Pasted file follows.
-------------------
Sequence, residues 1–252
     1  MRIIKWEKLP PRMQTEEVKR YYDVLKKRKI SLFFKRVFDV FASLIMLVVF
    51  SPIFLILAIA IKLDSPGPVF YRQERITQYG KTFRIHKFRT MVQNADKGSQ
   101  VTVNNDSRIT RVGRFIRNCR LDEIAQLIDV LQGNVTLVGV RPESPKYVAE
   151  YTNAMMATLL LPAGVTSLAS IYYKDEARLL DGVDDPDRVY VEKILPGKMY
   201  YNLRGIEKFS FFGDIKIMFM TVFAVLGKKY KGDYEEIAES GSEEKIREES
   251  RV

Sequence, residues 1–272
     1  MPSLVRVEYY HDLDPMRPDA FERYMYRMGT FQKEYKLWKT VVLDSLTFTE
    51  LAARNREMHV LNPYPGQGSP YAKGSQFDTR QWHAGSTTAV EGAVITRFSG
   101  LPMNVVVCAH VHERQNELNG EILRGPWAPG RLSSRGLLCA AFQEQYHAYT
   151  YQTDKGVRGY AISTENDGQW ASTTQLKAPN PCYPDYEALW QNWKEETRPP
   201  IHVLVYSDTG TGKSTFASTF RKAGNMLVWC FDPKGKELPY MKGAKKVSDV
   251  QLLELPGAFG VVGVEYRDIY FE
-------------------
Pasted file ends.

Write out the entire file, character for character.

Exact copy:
Sequence, residues 1–252
     1  MRIIKWEKLP PRMQTEEVKR YYDVLKKRKI SLFFKRVFDV FASLIMLVVF
    51  SPIFLILAIA IKLDSPGPVF YRQERITQYG KTFRIHKFRT MVQNADKGSQ
   101  VTVNNDSRIT RVGRFIRNCR LDEIAQLIDV LQGNVTLVGV RPESPKYVAE
   151  YTNAMMATLL LPAGVTSLAS IYYKDEARLL DGVDDPDRVY VEKILPGKMY
   201  YNLRGIEKFS FFGDIKIMFM TVFAVLGKKY KGDYEEIAES GSEEKIREES
   251  RV

Sequence, residues 1–272
     1  MPSLVRVEYY HDLDPMRPDA FERYMYRMGT FQKEYKLWKT VVLDSLTFTE
    51  LAARNREMHV LNPYPGQGSP YAKGSQFDTR QWHAGSTTAV EGAVITRFSG
   101  LPMNVVVCAH VHERQNELNG EILRGPWAPG RLSSRGLLCA AFQEQYHAYT
   151  YQTDKGVRGY AISTENDGQW ASTTQLKAPN PCYPDYEALW QNWKEETRPP
   201  IHVLVYSDTG TGKSTFASTF RKAGNMLVWC FDPKGKELPY MKGAKKVSDV
   251  QLLELPGAFG VVGVEYRDIY FE